independent country and remains a member of the Commonwealth. Modern Jamaica stil! has plantations producing such crops as bananas, sugar and coffee, but there are also other important industries, including the production of bauxite (smelted into aluminium), chemicals, cement, oil refining and plastics. Tourism ranks as the second foreign exchange earner.
Ocho Rios is the fastest growing tourist destination in Jamaica and a popular port of call for many cruise liners, especially those based in the United States.
The original Spanish name for the then very small settlement was Las Chorreras (the waterfalls), which was almost certainly a reference to the Dunn’s River Falls. By 1841, however, it was known as Ocho Rios - rather surprisingly there are not eight rivers in the area. There is little opportunity for sightseeing in the town itself, although it is a bustling place and many exclusive hotels are nearby.
Ocho Rios has a number of beautiful gardens full of brightly-coloured birds, exotic plants, including a proliferation of orchids, and steeply-plunging rivers. Each of the following gardens is off the A3, the main road leading southwards out of Ocho Rios.
Shaw Park Gardens
Set above Ocho Rios, these 35 acres of streams, waterfalls, ponds, flowers, ferns and woods provide a fine view of the town. These gardens are not, as the name might suggest in the grounds of the Shaw Park Hotel. Guided tours are available daily between 08.00 to 16.00 hrs.
Coyaba River Garden and Museum
In the same area as Shaw Park Cardens and also a taxi ride away. The word ‘coyaba' is Arawak for paradise. The museum shows the history of Jamaica starting, appropriately enough, with the Arawaks. Open daily from 08.00 to 17.00 hrs.
Situated on the southern outskirts of the town. Fern Gully is best reached by taxi or hiring a car for the day. The route, through an old river bed, winds through a lush valley of ferns and vines. It is claimed that there are more than 600 different varieties of ferns here.
Dunn’s River Falls and Park
Just 2 miles away is the most popular attraction in Jamaica, a photograph of which appears in most travel brochures featuring holidays to Jamaica. Cascading falls drop 600 ft and here is an opportunity to hold hands with the next person in a long chain gradually going to the top. It’s wet and it’s fun, and changing rooms enable you to change into a bathing costume and leave your clothes in a looker until you return (although queues can be long so it is recommended that you wear swimsuits under your clothing if climbing the falls). Make sure that you wear rubber soled shoes as the rocks are slippery. Old
tennis shoes are also useful if you opt to climb up the actual falls, alternatively climbing shoes are available for hire at the Park.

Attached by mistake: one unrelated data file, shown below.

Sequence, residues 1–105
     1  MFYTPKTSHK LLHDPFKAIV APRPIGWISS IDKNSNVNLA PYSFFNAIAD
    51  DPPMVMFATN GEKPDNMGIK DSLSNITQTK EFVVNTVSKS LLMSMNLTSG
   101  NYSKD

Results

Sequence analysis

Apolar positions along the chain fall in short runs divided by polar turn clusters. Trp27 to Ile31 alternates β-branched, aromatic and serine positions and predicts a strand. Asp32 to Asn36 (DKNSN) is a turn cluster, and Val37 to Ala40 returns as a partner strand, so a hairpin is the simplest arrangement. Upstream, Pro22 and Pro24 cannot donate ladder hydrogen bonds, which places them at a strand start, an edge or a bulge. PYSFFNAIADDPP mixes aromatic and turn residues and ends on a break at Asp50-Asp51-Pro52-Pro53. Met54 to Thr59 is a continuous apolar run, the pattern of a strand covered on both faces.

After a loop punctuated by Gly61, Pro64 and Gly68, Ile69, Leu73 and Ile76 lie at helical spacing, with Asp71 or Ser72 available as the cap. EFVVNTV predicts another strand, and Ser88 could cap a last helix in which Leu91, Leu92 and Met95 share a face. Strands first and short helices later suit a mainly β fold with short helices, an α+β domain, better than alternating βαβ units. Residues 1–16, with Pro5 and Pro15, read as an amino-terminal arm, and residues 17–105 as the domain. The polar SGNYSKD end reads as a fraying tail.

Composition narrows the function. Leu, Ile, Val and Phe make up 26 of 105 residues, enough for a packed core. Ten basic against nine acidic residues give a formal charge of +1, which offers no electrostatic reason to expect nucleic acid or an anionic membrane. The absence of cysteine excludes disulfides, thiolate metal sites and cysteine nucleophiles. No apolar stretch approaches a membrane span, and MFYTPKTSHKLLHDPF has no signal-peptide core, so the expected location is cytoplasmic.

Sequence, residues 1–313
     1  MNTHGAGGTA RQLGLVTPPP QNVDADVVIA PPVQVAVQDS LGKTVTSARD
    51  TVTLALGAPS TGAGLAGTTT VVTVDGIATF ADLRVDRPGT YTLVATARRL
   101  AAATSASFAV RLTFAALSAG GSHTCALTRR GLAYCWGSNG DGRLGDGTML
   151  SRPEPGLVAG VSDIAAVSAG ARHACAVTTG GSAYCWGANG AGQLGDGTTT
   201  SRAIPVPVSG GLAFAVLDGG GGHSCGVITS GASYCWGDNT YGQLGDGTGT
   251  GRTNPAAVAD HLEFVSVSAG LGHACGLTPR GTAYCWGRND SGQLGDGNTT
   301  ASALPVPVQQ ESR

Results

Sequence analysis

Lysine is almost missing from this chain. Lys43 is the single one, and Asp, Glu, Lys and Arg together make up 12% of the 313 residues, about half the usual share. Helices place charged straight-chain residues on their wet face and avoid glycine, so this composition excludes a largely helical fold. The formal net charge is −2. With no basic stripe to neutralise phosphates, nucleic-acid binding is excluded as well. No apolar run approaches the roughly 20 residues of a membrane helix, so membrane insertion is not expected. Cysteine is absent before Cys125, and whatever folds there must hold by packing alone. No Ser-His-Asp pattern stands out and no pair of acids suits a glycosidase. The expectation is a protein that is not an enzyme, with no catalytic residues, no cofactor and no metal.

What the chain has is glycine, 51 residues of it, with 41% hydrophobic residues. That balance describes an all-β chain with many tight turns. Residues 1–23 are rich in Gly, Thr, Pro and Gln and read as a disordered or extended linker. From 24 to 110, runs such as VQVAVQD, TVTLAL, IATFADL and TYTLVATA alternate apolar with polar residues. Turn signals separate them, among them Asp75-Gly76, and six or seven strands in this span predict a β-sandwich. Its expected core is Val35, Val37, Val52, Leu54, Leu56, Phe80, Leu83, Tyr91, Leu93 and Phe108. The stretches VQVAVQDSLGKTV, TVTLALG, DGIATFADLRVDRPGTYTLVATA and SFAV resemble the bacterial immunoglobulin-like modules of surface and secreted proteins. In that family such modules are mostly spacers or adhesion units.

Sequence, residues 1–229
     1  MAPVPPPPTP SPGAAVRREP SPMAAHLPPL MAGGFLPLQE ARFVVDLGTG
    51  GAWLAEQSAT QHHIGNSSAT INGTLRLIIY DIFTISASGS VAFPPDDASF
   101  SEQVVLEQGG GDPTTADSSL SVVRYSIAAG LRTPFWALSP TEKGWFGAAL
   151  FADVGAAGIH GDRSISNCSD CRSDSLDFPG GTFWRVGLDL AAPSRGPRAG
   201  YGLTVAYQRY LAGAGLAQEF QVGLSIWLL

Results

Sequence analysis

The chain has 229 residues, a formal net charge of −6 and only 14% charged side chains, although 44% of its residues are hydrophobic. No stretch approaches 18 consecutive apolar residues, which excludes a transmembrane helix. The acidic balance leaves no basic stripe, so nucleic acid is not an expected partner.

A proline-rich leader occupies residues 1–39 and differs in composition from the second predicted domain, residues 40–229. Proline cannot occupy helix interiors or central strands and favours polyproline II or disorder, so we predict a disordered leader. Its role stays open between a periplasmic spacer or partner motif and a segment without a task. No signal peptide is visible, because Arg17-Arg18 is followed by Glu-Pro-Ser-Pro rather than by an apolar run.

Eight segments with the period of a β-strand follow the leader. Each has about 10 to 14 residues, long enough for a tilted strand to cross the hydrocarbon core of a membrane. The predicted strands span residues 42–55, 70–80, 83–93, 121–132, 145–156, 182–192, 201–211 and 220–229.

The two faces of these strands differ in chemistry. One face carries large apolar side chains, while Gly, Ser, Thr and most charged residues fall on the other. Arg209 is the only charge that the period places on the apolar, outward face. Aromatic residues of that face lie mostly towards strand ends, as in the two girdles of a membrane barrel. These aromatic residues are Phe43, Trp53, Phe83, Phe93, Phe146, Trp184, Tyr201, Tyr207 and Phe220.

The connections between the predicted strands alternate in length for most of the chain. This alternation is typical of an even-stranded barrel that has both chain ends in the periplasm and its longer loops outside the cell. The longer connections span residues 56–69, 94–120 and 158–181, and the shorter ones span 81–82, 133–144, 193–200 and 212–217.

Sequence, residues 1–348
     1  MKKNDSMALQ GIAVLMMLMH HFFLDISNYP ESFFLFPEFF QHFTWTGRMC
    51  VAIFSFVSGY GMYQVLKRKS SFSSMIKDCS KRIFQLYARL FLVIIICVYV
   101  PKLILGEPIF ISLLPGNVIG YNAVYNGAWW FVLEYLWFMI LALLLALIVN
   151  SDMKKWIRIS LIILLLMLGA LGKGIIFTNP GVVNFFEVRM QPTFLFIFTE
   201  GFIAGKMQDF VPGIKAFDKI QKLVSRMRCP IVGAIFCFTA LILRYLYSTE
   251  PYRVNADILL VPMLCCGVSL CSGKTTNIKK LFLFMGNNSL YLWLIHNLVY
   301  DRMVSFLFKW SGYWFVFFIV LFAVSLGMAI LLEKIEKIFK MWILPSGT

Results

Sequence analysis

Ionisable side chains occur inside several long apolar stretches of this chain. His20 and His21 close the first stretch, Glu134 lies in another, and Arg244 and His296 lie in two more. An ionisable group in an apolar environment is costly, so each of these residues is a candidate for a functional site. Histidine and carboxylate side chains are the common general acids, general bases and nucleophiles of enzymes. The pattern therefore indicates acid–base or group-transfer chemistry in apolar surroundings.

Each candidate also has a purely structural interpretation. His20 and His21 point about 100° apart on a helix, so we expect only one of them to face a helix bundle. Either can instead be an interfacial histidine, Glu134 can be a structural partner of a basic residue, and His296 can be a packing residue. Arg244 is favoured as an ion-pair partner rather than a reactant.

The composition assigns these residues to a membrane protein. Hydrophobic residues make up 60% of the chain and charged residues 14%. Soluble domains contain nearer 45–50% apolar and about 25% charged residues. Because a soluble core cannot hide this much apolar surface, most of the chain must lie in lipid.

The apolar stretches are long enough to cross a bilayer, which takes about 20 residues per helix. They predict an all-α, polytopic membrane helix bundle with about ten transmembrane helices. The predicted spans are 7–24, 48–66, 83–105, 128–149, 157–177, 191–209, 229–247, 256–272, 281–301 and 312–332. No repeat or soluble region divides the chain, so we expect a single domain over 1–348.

The Falls and Park open daily from 08.30 to 16.00 hrs. It is also possible to follow a path at the side of the fails and reach the top fully-dressed. Please be advised it is customary to tip the guide at the end of the climb.
Popularity unfortunately implies crowds and the falls can be busy, especially if several cruise ships are in port at the same time. There is, however, always the beach to enjoy.
For an unusual experience, try a romantic raft ride for two on the White River to the east of the town. A bamboo raft is poled by a skilful guide on a 45-minute trip through the tropical rainforest. There is even a stop for an optional dip in the cool mountain waters. Open daily 08.30 - 16.30 hrs.
The only historical site of any significance in Ocho Rios is an old fort built in 1777 and even then there is little to see. The main attractions are the shops and the craft markets.
BEYOND OCHO RIOS
The northern coastal area around Ocho Rios has much to interest visitors, although a tour, taxi or hired car is really necessary to visit most places, if you decide to hire a car, you’ll need to choose a route - maps are available from the Tourist Office - and two possibilities are suggested below, each of which could take up much of the day.
Route A - East of Ocho Rios
From Ocho Rios to the White River (Calypso River Rafting), Harmony Hail (Jamaican art and crafts), Boscobel Beach (aka James Bond beach), Oracabessa, Firefly (former home and burial place of Noel Coward), Port Maria, Brimmer Hali (plantation tour) and back to Ocho Rios. Total distance of 45 miles.
About 21 miles from Ocho Rios and just north of Port Maria, Firefly was the home of Noel Coward from 1956 until his death on 26 March 1973. Named after the luminous fireflies seen after dark, this spot was originally known as the Look-Out and was used by the buccaneer Sir Henry Morgan 300 years earlier to keep watch for pirates. The house, now owned by the Jamaican National Heritage Trust, has been restored to look as it did in the mid-1960s and visitors can see Coward’s paintings and clothes. He is buried at the bottom of the garden beneath a plain marble tomb. Open Monday - Thursday and Saturday 9.00 -17.00 hrs. Note that this attraction is normally closed on a Friday and Sunday.
A plantation offering guided tours is the Prospect Plantation which is only 4 miles from Ocho Rios. Tours take place at 10.30 hrs, 14.00 hrs and 15.30 hrs.
Route B - West of Ocho Rios
From Ocho Rios to Dunn's River Falls, St Ann’s Bay, Seville Nueva (site of the first capital and Seville Great House), Chukka Cove Adventure Tours, Runaway Bay, Discovery Bay, Green Grotto Caves (underground boat ride), Brown’s Town, Nine Mile (Bob Marley's Mausoleum), Claremont, Fern Gully and back to Ocho Rios. Total distance of 76 miles.